Despite the fact that every day presents a new opportunity for a fresh start, the beginning of a new year is typically the time many people think about making dramatic changes in their lives. According to the Journal of Clinical Psychology, if you are one of the 45% of American’s who made a resolution this year the chances are high that your resolution is to lose weight, start exercising or to quit smoking.
Unfortunately, University of Scranton research suggests that just 8% of people achieve their New Year’s goals. Common mistakes people tend to make even before they start are to sabotage their goal by making it feel negative. This happens by making it about what “should” be done, rather than what they choose to do. Worse, they think about what they should stop doing, rather than what they actually want to achieve.
To be successful at any change, you need to commit to it, but it’s equally important to know what you’ll have when you have what you want. In other words, to focus on what you REALLY want instead of just making a goal? One life coach suggests that when clients come to her for help with weight loss, what they really want is to feel more confident or have more energy. The key is to recognize how you want to feel when you reach your goal.
Unless you take time to consider what it is you really want (rather than what you should do or should stop doing) and how you’ll feel when you achieve your goal, you will invariably end up making a resolution to which you are not genuinely committed.
Without commitment, you aren’t motivated and after the first obstacle, you will inevitably quit.
To avoid this mishap and be among the percentage who make their resolutions stick, try these tips:
1. Keep a Journal
Write down your goal and then ask yourself what will you have when you achieve your goal? Will you have more energy, better health, or win the “biggest loser challenge” at the office. Write down your answer and then ask yourself how you will feel when you achieve your goal. And be specific. Will you feel more confident, lovable, or more attractive? Will you be able to breathe easier or will you have more money by kicking the tobacco habit or will your family benefit from not being exposed to second-hand smoke? Be honest with yourself. Close your eyes and imagine what it will feel like.
2. Start small
Once you’re clear on the reasons you’re embarking on this journey, break down your goals into small, measurable steps. If your aim is to exercise, schedule three or four days a week at the gym instead of seven. If you would like to eat healthier, try replacing dessert with something else you enjoy, like fruit or yogurt.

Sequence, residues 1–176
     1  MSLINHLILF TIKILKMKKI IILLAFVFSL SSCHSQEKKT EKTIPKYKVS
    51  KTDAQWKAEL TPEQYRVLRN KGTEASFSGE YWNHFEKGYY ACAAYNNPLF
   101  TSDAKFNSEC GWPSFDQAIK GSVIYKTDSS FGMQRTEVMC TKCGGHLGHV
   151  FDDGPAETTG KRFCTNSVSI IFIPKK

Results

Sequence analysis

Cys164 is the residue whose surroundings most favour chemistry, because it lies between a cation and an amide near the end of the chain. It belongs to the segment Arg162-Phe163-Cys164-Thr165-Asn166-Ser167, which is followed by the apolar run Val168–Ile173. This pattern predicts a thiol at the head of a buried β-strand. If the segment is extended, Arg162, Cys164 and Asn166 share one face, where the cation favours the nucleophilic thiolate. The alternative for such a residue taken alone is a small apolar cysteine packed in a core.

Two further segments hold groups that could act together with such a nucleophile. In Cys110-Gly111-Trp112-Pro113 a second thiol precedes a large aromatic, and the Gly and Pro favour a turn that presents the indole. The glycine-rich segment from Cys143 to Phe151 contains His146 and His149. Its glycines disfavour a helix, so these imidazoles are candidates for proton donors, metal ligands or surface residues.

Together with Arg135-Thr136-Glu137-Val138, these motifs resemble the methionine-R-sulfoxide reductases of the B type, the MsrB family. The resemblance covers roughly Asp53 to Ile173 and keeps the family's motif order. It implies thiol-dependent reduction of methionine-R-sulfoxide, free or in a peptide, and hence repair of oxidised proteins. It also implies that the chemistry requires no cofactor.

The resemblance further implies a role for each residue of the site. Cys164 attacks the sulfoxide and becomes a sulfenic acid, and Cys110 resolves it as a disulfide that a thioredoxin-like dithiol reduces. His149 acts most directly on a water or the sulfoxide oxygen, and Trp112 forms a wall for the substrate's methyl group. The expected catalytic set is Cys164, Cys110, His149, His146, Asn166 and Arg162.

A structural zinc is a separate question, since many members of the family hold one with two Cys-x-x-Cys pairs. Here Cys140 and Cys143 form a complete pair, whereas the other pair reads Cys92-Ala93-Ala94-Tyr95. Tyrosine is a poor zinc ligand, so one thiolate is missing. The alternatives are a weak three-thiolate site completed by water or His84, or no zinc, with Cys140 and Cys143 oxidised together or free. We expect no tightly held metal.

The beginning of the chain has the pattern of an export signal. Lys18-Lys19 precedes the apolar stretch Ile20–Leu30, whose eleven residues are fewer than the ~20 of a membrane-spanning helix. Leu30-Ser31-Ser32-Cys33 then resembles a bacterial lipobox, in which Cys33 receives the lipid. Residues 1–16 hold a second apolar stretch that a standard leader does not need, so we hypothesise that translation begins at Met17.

3. Change one behavior at a time
Replacing unhealthy behaviors with healthy ones requires time. Don’t get overwhelmed and think that you have to reassess everything in your life. Instead, work toward making one change at a time.
4. Talk about it
Share your experiences and goals with family and friends. Tell your coworkers about your goal and/or share it on your Facebook page. This will help keep you accountable and also engage others in your plan so they can find ways to help. Having someone to share your struggles and successes with makes your journey to a healthier lifestyle that much easier and less intimidating.
5. Get support
Consider joining a support group to reach your goals, such as a workout class at your gym or a group of coworkers quitting smoking. If you’re looking to lose weight, seek the assistance of a certified dietitian. She or he can provide support, offer nutrition resources and help keep you accountable to your goals. Some grocery stores offer nutrition services for free – the will even help you learn to read labels and buy groceries that will help you stay on track. If you’re looking to start an exercise routine, get a workout buddy or hire a trainer. For support with smoking cessation, learn more about your options at quit.com or visit your Healthcare Provider.
6. Give yourself a break
Progress, not perfection is attainable. Remember that minor missteps when reaching your goals are completely normal and OK. Don’t give up completely because you broke your diet, or skipped the gym. Recognize that you’re human and resolve to be bigger than your fear. You can get back on track.
7. Celebrate your success
One of the best ways to keep the positive momentum going is to celebrate your small victories. Acknowledge yourself and your accomplishments will send a signal to your brain that you CAN do it. This will help give you the emotional reminder the next time you face an obstacle.
Remember, the best way to keep your resolution promise to yourself is to know what that promise will feel like when you’ve reached it.